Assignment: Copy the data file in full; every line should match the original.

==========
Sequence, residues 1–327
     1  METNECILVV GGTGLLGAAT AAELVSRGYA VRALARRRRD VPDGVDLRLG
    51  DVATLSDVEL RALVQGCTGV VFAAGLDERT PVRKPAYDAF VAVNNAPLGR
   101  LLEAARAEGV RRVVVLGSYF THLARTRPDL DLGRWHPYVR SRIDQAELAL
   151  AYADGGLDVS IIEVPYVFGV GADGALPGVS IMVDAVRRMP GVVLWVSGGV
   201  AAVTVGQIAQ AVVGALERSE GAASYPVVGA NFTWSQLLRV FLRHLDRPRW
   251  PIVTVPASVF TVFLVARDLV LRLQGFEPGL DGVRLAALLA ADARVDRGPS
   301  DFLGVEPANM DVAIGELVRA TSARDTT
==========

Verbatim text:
Sequence, residues 1–327
     1  METNECILVV GGTGLLGAAT AAELVSRGYA VRALARRRRD VPDGVDLRLG
    51  DVATLSDVEL RALVQGCTGV VFAAGLDERT PVRKPAYDAF VAVNNAPLGR
   101  LLEAARAEGV RRVVVLGSYF THLARTRPDL DLGRWHPYVR SRIDQAELAL
   151  AYADGGLDVS IIEVPYVFGV GADGALPGVS IMVDAVRRMP GVVLWVSGGV
   201  AAVTVGQIAQ AVVGALERSE GAASYPVVGA NFTWSQLLRV FLRHLDRPRW
   251  PIVTVPASVF TVFLVARDLV LRLQGFEPGL DGVRLAALLA ADARVDRGPS
   301  DFLGVEPANM DVAIGELVRA TSARDTT